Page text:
These Wounds, They Are Yours

It is a country with wounded faces. With the scars that never healed — red rivers are still pouring out of them. Every wrinkle on their skin is a story about life and death. None is on its own: each drags along the next one.

The deeper the wound, the more profound the wisdom. Ancient people believed that blood was the liquid of life. So, to understand life, you must see blood more often; to understand life, you must see death. We tried hard to leave this wisdom behind. But history has no mercy for us. It throws us back into the craters of violence. It forces us to live in bomb shelters. To be born down there — and to die there.

Our history is scorched in blood. Our wounds had no chance to heal — we reopened them again and again, searching for banned memories and buried weapons. So, we have to be cleverer than our history. We must break free of its power. We must win — no matter what.

Glamour is a religion of modernity. Glamour is a face without wrinkles, skin without chaps, body without history. Glamour is all smooth and even, like in hell. Our faces are nothing like that. They are open books. Covered all over in wounds, wrinkles, bruises, and scratches. Like in heaven.

Our towns are wounded just like our bodies. Skeletons of burnt-down buildings are looming in the villages. Only ground floors are still standing — anatomical models of their former selves. The villages moan, dreaming about houses that no longer exist. You can feel the pain of those charred bricks. You can feel the rocks suffering from injuries. The souls of the dead haunt those places at night, hugging their homes like their loved ones.

Pain has become so familiar that we’re always trying to cover its tracks. Mourning has become so familiar that we are forced to complete it earlier than expected. We want the craters of our pain to be filled with asphalt as fast as possible. We do not cherish our past because we live inside it — it does not live inside us. We do not talk about it because our bodies do. The chapped skin of our towns.

It is hard to breathe when you are crying. You must take in as much air into your lungs as possible to turn it into a salty, pesky fluid. Yet another way of clinging to life.

Some ruins teach and inspire. These are the ruins where history lurks. It has been devouring these rocks year after year. Thousands of lives, each with their own story, hide behind its gulps. The ruins of ancient European cities are like that. They are history turned into space.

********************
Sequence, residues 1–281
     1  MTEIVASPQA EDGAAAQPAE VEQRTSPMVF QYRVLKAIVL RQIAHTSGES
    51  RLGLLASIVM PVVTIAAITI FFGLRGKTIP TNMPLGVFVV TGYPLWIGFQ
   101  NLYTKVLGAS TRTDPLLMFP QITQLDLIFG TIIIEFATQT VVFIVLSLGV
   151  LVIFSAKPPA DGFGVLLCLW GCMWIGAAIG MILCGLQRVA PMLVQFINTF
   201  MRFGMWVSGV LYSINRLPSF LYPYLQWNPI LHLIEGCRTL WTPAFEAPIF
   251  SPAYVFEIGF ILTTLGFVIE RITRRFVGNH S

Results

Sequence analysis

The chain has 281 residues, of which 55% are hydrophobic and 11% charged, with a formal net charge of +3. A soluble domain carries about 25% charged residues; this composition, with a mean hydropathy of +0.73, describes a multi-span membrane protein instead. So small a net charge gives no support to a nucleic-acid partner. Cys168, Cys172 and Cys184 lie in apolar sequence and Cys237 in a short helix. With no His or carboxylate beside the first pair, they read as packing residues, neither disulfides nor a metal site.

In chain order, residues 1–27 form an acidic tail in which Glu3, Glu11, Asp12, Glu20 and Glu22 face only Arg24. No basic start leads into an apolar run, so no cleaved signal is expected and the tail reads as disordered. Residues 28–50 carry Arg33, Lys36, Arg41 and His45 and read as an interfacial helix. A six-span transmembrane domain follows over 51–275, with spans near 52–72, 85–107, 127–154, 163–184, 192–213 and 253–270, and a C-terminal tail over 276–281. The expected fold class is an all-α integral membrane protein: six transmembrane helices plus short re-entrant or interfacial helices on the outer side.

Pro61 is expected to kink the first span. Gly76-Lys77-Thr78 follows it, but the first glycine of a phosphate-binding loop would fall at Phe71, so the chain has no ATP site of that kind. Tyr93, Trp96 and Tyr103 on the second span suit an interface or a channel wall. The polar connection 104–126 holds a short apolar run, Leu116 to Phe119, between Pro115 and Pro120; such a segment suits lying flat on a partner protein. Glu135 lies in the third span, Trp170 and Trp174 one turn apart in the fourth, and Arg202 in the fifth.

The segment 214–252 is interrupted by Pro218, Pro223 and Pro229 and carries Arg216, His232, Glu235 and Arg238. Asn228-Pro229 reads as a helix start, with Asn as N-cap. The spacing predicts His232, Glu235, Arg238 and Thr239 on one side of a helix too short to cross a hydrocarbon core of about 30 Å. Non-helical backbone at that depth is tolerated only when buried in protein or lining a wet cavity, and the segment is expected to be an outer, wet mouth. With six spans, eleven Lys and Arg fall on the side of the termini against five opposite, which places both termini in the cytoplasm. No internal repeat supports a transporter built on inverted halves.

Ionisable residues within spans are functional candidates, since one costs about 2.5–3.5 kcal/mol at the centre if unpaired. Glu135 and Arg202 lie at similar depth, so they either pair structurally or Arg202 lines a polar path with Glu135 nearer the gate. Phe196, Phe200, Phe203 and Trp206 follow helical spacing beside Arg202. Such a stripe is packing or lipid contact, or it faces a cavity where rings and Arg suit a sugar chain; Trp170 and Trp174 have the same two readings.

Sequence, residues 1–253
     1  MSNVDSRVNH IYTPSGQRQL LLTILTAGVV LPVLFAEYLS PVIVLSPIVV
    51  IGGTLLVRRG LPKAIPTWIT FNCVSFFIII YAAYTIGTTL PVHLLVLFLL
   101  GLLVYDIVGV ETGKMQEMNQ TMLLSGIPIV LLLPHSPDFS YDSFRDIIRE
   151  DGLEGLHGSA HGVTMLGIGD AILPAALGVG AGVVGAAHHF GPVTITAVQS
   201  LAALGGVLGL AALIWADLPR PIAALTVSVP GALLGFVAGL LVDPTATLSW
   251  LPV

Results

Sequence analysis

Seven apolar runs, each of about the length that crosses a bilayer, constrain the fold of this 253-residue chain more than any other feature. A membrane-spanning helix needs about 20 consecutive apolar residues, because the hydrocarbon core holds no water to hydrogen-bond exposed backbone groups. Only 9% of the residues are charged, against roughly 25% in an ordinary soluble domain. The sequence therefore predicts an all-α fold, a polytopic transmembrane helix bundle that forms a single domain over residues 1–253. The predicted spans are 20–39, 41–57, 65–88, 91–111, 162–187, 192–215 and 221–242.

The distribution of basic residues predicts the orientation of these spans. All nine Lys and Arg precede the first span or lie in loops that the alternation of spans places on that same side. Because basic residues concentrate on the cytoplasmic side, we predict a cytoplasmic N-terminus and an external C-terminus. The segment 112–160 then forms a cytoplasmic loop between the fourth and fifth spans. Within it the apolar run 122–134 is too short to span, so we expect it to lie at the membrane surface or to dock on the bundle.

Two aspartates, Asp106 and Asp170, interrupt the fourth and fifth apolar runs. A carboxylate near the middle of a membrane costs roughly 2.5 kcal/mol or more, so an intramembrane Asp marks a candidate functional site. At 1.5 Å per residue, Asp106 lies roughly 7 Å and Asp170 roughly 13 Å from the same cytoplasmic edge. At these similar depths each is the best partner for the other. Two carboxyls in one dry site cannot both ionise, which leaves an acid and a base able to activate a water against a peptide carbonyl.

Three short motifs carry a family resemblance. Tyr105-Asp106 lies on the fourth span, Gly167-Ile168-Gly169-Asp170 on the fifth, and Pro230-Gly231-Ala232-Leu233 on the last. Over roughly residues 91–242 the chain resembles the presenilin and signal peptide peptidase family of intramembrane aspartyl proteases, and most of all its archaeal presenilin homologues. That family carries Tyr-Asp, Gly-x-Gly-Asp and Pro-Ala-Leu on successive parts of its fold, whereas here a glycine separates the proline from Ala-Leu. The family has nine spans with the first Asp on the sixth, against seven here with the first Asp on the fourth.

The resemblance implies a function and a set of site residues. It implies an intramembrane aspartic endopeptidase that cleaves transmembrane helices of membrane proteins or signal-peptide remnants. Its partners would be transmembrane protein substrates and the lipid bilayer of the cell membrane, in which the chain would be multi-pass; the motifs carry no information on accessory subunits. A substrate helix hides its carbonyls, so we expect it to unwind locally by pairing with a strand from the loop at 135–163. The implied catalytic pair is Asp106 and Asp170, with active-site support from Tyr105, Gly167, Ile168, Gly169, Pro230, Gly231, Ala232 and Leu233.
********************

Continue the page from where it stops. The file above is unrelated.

But our ruins are different. Just ten minutes ago, they were someone’s home. An apartment with a couch, a pot of violets on the windowsill, and a cat in a corner. Fridge magnets. Grandma’s knit blankets. A computer screen with tropical islands on it. This apartment was full of life just ten or five or three minutes ago. Now it’s all gone. History is not lurking in those ruins — it never even had a chance to take root there.

Time did not create our ruins — violence did it. There’s no continuity about them, only abruptness and ruthlessness. We are afraid of the ruins not because of what they are but because they had too little time to be alive. Too little time to live and too little time to die. One moment — and it was over.

We often wonder why Ukrainians are ranked last in all those happiness reports. But then, it’s simple: how can you be happy if even rocks are in pain in this country? When so many people were just buried in the ground, unable to afford as much as a grave? Is there any sense in ‘hygge’ if people who deserve more than anyone to live are dying every single day? If people who have more right to live than any of us does are dying every single day?

In this country, only two ways are open to you: either to empathize with everything or become indifferent to it. None of them leads to happiness. But one does lead to dignity.

But then, what is happiness? Skovoroda wisely believed that happiness is when you feel part of something bigger than you. A grain of happiness, that’s what you are. Perhaps, genuine happiness is also a pain syndrome you share with others, fifty-fifty.

This is a country with wounded faces. Only empathy and a joint fight will unite it. Only the understanding that each rock that has been cut through is your nervous system. That every destroyed house is yours. That each life that has been ruined, injured, and hurt is yours. These wounds, they are yours. You cannot get away from them. You cannot heal them. You cannot forget them.

* The Ukrainian version of the text was written for the Kraina Magazine, translated into English for the “Wars.Ukrainians.Humanity.” programme with the author’s consent.

These Wounds, They Are Yours-2

Author: Volodymyr Yermolenko, Ukrainian philosopher, writer, translator

Translator: Hanna Leliv

Illustrator: Nastia Haidaienko

Content Editor: Maryna Korchaka

Program Directors: Julia Ovcharenko and Demyan Om Dyakiv Slavitski